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Old 11-21-2009, 09:30 PM   #7
L. Camejo
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Dojo: Ontario Martial Arts
Location: Mississauga, Ontario
Join Date: Aug 2001
Posts: 1,423
Re: Tanden Usage in Aikido - re Tetsutaka Sugawara

Ellis Amdur wrote: View Post
In Internal Martial Arts, Issue #6 (out of print - I don't know how to purchase today, in case anyone asks)
Tetsutaka Sugawara: Aikido and Taiji by Jayson Chung . . .Modern martial arts are too stiff, TS feels, and, unfortunately, Aikido is not an exception. As an example, many Aikido teachers focus on the use of the hand as a blade (tegatana), but TS feesl this is too limitiing. "We should use all our surface in training, not only this edge," he said. "If the hand is hard, the palm is tight, you cannot feel anything."
Interesting discussion. I have a copy of TS' second volume on Aikido and Chinese Martial Arts - Weapons training. Some very nice concepts there.

I selected the above quote from Ellis' original post because it stood out to me. Of course I cannot know in detail what expression of tegatana TS was referring to in his article, but I disagree on the premise that the use of tegatana is inherently limiting due to the hand being "hard".

Tegatana study and application is a core of Tomiki's Aikido and it is quite well developed to become a primary point of sensitivity that one uses to detect and effect subtle movements and changes in an attacker's mental and physical state. Well-developed tegatana skills allow one to detect these changes at any point of contact with ones partner or attacker and exploit these changes as needed.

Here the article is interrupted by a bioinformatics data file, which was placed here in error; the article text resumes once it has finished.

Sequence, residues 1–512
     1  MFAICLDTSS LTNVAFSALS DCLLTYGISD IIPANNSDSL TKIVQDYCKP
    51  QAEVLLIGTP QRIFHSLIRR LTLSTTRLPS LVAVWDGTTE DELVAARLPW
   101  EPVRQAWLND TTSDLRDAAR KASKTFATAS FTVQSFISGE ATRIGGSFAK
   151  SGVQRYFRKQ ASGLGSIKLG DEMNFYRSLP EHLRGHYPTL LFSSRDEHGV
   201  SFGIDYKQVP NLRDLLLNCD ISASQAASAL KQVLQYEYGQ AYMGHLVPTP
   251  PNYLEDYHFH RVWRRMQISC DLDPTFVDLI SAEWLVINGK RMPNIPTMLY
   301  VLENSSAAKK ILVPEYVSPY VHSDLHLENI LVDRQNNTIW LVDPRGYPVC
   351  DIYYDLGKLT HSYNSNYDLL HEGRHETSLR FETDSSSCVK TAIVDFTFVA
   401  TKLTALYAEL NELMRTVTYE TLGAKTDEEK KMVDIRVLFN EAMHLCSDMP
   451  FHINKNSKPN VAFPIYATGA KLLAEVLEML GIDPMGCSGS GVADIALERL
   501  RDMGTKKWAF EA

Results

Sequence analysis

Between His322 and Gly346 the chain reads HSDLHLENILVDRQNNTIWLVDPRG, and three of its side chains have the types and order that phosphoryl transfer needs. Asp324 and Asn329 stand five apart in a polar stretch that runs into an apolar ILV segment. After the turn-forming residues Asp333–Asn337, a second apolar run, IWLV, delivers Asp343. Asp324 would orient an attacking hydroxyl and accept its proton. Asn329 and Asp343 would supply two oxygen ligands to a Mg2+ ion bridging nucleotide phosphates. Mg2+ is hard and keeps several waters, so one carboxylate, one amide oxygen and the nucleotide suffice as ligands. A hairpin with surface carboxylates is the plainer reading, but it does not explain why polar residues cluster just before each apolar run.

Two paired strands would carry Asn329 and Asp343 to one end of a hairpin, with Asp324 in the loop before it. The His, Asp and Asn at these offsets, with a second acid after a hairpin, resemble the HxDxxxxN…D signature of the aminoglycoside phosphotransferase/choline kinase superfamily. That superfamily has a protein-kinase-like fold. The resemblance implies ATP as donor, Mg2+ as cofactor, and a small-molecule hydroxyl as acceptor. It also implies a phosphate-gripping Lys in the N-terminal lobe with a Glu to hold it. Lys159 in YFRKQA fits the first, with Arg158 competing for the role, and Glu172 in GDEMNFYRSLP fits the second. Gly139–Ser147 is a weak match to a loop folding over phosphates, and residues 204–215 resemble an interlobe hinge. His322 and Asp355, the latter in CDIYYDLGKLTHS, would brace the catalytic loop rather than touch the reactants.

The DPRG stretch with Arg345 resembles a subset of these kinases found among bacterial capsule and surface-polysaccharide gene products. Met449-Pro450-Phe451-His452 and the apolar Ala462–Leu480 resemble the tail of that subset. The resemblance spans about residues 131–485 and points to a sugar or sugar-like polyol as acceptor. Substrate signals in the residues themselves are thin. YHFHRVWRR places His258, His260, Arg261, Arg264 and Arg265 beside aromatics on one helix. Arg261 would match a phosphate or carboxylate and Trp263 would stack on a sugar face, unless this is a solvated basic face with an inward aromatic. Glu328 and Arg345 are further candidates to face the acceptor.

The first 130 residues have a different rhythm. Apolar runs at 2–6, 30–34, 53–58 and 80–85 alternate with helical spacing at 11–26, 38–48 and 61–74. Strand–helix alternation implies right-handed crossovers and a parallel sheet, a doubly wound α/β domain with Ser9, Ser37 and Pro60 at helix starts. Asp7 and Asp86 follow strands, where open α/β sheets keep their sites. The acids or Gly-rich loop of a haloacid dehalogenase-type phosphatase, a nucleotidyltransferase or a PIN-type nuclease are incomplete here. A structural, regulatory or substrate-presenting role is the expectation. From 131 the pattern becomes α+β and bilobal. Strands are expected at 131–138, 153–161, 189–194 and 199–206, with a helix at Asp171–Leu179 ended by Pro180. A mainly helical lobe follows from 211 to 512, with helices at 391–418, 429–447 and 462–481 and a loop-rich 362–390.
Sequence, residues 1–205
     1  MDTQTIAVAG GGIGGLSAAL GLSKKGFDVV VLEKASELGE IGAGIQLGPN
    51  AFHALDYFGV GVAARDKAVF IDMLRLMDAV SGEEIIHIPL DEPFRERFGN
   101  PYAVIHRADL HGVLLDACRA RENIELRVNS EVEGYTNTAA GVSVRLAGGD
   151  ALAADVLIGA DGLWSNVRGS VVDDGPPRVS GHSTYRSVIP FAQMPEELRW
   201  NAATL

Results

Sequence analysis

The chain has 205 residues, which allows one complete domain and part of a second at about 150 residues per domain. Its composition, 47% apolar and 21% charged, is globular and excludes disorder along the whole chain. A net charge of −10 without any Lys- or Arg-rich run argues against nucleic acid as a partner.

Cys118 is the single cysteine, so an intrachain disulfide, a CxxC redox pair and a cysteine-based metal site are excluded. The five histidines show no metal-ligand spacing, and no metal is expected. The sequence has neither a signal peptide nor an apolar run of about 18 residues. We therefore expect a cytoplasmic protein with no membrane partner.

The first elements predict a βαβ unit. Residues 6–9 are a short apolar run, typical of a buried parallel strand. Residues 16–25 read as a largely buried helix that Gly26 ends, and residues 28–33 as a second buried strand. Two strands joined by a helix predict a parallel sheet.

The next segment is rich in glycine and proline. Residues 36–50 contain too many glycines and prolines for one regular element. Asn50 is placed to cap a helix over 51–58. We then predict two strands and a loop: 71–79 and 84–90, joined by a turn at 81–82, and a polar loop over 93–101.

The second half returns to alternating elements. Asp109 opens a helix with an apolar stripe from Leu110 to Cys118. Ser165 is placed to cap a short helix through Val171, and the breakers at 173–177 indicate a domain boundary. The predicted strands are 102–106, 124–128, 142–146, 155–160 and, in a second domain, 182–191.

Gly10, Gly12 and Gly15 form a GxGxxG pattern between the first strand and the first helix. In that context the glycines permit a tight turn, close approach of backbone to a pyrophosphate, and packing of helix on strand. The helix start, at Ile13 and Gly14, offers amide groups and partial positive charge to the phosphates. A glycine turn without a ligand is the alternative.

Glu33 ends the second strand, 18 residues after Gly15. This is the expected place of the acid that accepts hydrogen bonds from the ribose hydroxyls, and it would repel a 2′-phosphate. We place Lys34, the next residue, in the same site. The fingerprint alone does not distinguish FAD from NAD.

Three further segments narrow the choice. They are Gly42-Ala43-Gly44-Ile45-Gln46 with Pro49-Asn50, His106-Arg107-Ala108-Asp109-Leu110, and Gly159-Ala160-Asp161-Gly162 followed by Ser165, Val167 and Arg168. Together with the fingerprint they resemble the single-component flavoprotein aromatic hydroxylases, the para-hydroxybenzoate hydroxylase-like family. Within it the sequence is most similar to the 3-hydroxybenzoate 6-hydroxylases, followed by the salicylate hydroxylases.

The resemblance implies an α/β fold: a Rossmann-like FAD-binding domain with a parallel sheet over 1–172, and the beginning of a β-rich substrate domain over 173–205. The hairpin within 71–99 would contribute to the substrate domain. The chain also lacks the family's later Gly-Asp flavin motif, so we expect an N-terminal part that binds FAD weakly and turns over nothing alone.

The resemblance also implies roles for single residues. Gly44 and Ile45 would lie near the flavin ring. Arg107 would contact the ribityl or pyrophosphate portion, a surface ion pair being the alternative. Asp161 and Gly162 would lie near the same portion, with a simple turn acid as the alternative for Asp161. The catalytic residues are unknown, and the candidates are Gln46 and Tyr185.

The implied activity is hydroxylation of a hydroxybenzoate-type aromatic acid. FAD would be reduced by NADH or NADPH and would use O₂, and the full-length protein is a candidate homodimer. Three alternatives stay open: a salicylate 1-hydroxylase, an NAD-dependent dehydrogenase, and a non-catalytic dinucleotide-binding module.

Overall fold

I will agree with TS however that one cannot see tegatana as merely the outer edge of the handblade. All aspects of the surface must be used. This skill is important in developing "tekubi okoshi", which is seen by some as a point of initial development in understanding a particular expression of aiki that Ueshiba is known to have used in the 1930s. This is that skill to direct the force of a grab or push directly back into the centre of the attacker along his straightened arm and nullify his force, collapse or project him. The option one uses depends much on control of the tanden, spine and the ability to soften or harden sections of ones tegatana accordingly imho.

In my own practice I have found that tegatana allows me to sense the motion of my partner/attacker quote quickly and in conjunction with proper tai sabaki I am able to exploit motion and execute kuzushi in a very powerful but relaxed manner, constantly receiving new input as the dynamics of the attack changes, so contrary to TS' view it is not limiting at all imho.

Just a few thoughts.


--Mushin Mugamae - No Mind No Posture. He who is possessed by nothing possesses everything.--
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